Battle of the Turkish Joints

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We were in the Arab Street area quite a bit, partly because our favourite dive shop is there and partly because there were a lot of errands concentrated in that area for us to run. It was natural to end of the busy-ness with a good dinner. We chose Turkish places on two separate occasions and found that while they weren’t good enough to have separate posts of their own, they seemed to complement each other for an interesting comparison.

At Sufi, I had a lassi-like yogurt drink called ayran. It was thinner than lassi and a pleasantly sweet accompaniment to the meal.

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Pardon the bad lighting as we were sitting outside in the dim evening light. The combination starter, meze tabagi ($18) was stellar. It consisted of the classic turkish appetisers including babaganoush, hummus and cacik. The hummus stood out for being uber creamy and very tasty, full of chickpea and sesame flavour. We also fought over the patlican salata, the one with eggplant chunks cooked in tomato and peppers. The eggplants were cooked to perfection as they held their shape yet collapsed into an unctuous ooze when chewed.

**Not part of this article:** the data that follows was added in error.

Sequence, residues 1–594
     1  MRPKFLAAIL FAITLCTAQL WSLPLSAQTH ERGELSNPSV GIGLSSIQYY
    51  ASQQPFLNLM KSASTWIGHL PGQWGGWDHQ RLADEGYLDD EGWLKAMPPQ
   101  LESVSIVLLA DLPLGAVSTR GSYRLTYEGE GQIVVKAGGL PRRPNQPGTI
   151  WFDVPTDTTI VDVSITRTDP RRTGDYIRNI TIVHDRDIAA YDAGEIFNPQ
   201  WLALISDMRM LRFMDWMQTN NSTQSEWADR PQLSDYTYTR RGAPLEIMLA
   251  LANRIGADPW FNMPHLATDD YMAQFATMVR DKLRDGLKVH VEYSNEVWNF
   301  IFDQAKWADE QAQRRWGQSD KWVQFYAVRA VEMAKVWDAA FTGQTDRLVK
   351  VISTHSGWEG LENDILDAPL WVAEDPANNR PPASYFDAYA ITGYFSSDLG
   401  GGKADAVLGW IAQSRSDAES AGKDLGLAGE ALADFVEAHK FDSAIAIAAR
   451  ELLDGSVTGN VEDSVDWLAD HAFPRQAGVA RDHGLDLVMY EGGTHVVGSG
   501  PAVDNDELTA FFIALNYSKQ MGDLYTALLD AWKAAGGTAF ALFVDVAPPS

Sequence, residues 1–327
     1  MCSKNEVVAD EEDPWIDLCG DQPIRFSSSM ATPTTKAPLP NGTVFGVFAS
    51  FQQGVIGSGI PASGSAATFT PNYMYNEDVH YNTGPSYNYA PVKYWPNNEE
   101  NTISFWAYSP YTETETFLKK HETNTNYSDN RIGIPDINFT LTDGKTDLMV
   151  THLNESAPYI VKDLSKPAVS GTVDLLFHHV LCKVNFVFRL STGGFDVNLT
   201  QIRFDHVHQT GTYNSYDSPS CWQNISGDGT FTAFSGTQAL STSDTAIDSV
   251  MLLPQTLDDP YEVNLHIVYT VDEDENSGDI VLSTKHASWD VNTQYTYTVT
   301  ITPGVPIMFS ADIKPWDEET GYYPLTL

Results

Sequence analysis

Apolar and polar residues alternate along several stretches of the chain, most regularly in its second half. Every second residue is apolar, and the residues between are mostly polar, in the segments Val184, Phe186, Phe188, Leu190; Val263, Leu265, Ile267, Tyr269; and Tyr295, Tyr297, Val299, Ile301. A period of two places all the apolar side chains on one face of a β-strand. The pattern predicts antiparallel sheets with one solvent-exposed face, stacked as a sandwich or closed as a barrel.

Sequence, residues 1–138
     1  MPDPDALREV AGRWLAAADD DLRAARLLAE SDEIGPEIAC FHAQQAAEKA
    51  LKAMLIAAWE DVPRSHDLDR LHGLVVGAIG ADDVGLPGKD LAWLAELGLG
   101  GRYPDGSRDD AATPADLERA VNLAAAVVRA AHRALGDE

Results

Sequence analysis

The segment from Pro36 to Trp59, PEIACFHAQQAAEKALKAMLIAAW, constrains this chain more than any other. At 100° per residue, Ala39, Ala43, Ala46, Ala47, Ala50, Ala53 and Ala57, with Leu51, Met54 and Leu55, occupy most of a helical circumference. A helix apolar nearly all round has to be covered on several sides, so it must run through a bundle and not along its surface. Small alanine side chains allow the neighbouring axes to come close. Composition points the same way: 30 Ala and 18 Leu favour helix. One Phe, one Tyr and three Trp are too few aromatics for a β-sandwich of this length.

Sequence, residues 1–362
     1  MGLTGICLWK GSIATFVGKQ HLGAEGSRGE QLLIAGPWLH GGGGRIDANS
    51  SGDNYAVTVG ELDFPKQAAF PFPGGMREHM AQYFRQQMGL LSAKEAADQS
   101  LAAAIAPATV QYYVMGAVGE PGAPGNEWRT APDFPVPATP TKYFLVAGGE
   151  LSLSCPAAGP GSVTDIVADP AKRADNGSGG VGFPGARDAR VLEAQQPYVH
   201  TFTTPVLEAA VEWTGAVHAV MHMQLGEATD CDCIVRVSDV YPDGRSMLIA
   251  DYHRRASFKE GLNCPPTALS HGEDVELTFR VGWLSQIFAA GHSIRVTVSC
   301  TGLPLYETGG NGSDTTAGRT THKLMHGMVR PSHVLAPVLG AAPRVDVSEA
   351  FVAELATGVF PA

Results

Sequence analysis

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All this was accompanied by lavash, a pillow-like bread that rose majestically with the steam inside. We had to be careful when breaking it open to let out all the hot air. The tasty bread was a perfect foil to the appetiser dish.

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DC had the doner ustu ($12), supposedly chicken doner with buttered rice and a special sauce. He liked it a lot. Unfortunately I felt that it tasted a bit too much likeĀ  stirfries you get in greasy UK Chinese takeaway joints. My mum had the doner durum ($9), essentially the same chicken doner sliced with some vegetables into a wrap and accompanied by some cold fries – not good, hence no picture.

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Glad that we didn’t order that many disappointing mains, we had kunefe ($7.50) for dessert. Make sure you have enough people to share it as it’s big and very rich. It’s basically string pastry soaked in honey syrup, served with cream cheese sauce and sprinkled with pistachio dust. It’s very sweet, very decadent, and very delicious. I’m coming back for more.